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Interview with illustrator Grant Gould

Interview with illustrator Grant Gould
Interview with illustrator Grant Gould
Grant Gould

Grant Gould is a Minnesota-based artist who made the jump from graphic artist to fulltime freelance in 2006. Since then, he has worked on numerous projects for Lucasfilm, Topps, and other companies. He has also written and illustrated his own graphic novel, 2008’s ‘The Wolves of Odin,’ as well as his own tabletop roleplaying game, 2012’s ‘Blade Raiders.’

For what age audience do you write/illustrate?

I’ve done a lot of Star Wars work that’s aimed at younger kids, roughly ages 4 - 12. My personal creator-owned projects, however, tend to be a little more mature/PG-rated.

Henry: Grant’s done a lovely Yoda illustration that is on display in my son’s room. His collage of Lord off the Rings villains graces my study.

Tell us about your latest effort.

I’m currently writing and illustrating books for ‘Blade Raiders’ (, which started as a role-playing game, but is now also branching out into novels and comics. I also have some upcoming Star Wars work that I can’t announce yet, but I’m very excited about.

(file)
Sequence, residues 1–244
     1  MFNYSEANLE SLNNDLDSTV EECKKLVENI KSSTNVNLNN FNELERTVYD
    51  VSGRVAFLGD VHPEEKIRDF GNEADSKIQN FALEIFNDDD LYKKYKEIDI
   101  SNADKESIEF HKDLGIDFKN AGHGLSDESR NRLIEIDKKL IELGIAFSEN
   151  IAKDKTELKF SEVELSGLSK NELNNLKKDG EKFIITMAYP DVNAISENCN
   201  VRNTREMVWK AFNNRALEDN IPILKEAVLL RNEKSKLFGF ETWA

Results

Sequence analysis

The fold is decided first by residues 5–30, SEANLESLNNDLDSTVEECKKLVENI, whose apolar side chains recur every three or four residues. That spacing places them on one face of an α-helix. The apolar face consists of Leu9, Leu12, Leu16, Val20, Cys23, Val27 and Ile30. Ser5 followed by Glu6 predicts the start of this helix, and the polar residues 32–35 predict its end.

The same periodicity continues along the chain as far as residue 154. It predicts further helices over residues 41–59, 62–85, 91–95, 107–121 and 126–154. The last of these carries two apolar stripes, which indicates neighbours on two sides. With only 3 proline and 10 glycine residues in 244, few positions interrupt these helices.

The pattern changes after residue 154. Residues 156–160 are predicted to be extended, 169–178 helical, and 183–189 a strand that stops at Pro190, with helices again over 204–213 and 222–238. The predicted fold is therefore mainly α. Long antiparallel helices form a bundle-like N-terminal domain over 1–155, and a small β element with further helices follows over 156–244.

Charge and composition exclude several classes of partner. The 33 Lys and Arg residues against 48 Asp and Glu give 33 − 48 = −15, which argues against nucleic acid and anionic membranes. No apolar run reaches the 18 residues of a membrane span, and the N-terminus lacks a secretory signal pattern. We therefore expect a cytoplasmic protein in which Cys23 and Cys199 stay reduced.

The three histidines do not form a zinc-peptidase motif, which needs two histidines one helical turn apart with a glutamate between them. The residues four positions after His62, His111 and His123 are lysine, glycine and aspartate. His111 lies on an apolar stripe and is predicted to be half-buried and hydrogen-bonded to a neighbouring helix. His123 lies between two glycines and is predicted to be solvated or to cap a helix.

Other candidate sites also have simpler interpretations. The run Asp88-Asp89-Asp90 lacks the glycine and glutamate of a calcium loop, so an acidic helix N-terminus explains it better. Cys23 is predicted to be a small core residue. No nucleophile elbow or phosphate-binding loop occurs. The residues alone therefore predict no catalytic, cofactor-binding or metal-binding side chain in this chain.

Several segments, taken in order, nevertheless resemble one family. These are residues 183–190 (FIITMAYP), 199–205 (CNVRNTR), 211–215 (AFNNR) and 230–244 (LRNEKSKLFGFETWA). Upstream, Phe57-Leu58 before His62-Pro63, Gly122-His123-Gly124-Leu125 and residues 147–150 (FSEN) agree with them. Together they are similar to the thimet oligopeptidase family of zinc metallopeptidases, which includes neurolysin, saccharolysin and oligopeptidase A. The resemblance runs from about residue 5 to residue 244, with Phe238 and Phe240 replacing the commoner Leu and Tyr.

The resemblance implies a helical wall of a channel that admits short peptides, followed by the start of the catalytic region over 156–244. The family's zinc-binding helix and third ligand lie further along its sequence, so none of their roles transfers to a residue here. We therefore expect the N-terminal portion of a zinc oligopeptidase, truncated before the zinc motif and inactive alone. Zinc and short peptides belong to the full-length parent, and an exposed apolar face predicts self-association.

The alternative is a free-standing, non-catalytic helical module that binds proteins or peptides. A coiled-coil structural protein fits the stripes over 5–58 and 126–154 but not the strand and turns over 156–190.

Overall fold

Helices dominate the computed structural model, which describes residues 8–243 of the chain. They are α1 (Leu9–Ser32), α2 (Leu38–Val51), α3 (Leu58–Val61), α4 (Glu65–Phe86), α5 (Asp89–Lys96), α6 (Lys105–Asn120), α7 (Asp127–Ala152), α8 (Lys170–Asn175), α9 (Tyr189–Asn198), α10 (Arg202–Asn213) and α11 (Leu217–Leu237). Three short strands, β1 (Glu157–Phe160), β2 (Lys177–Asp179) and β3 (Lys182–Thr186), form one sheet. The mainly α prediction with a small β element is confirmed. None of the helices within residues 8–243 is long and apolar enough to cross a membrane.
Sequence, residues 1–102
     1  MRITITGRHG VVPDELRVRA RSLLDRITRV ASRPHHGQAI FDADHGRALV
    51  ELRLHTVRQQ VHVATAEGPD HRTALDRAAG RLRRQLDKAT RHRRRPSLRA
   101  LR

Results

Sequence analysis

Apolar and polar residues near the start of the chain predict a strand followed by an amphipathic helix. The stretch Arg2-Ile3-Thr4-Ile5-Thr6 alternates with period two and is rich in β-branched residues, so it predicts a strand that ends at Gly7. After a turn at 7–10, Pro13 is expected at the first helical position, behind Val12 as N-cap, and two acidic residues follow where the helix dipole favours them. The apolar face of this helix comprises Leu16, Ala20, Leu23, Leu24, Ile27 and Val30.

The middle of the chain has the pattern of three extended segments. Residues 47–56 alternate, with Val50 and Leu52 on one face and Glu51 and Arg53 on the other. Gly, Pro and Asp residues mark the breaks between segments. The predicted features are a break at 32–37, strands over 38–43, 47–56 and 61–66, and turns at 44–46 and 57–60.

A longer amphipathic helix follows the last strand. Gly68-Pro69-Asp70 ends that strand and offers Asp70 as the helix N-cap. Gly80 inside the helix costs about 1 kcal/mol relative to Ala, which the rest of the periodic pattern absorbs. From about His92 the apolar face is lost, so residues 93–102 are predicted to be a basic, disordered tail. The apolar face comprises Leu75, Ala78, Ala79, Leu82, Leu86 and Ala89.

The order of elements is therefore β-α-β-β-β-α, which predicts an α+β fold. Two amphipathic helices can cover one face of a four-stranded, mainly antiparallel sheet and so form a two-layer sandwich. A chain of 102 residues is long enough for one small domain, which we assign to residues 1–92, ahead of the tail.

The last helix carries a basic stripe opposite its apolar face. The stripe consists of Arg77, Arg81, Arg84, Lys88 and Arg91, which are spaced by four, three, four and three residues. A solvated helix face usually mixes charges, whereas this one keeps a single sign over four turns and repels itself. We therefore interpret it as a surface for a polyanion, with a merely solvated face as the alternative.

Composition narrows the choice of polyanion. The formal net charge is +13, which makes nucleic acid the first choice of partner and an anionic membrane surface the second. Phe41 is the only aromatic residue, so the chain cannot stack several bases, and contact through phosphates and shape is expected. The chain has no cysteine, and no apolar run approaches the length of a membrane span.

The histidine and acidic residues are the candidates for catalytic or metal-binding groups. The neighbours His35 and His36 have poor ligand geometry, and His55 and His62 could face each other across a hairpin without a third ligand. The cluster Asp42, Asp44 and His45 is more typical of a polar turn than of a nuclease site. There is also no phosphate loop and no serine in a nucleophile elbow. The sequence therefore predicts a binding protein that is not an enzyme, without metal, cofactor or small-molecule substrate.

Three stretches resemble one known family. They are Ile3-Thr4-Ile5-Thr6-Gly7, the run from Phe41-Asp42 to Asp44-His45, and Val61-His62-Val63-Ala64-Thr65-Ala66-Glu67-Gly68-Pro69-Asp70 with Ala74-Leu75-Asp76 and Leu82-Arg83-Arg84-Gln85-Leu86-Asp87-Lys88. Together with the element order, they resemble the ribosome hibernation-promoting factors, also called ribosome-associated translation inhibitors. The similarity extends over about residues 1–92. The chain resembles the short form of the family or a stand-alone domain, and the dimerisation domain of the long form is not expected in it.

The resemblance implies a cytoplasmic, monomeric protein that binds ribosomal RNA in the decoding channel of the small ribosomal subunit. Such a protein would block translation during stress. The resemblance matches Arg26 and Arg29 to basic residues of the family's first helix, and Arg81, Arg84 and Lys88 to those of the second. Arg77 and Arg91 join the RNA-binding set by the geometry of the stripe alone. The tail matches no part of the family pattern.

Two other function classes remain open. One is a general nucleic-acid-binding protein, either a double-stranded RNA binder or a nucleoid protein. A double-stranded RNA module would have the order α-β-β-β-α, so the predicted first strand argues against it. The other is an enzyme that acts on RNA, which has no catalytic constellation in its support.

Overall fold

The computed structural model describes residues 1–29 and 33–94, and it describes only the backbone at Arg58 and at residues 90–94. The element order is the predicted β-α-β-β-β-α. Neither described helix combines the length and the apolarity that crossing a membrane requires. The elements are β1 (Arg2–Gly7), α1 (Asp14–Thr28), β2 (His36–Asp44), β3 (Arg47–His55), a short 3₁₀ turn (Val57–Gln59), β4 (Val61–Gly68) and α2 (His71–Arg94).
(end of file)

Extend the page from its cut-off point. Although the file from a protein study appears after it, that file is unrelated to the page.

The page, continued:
Henry: Upcoming Star Wars work that you can’t announce yet!? You are a big tease, sir!

What do you hope the audience will get from 'Blade Raiders'?

I’m hoping fans of 'Blade Raiders' will experience the same kinds of thrills and sense of adventure that I felt as a kid when I played things like Dungeons & Dragons with my friends. Those games and stories can really open up the world of creativity and imagination.

What aspect of writing/illustrating do you find most challenging?

Focusing on one thing at a time, because I always have several projects going on at once, and juggling them can be tough.

Henry: Tell me about it! I wonder if most artists and writers are ADD (not to be confused with AD&D).

What is a powerful lesson you've learned from being an illustrator?

You’re never going to create something that everyone loves. You have to be able to handle criticism.

Henry: It’s a delicate balance. You should feel satisfaction with the quality of your work, and yet always set the bar higher and higher to hone your craft. You have to be a sensitive artist, and yet have a thick skin.

What has been a memorable experience that you never would have had if you had not been an illustrator?

Going to conventions over the years has given me some great opportunities, including becoming friends with many other artists.

Henry: Yes. My sons and I got to meet you at a San Diego Comic-Con.

What advice would you give to aspiring illustrators?

A.B.C. - Always Be Creating.

Henry: The writer’s equivalent saying is B.I.C. – butt in chair (always be writing)

Read the rest of this interview at Henry's blog on Fantasy, Sci-Fi, and KidLit.

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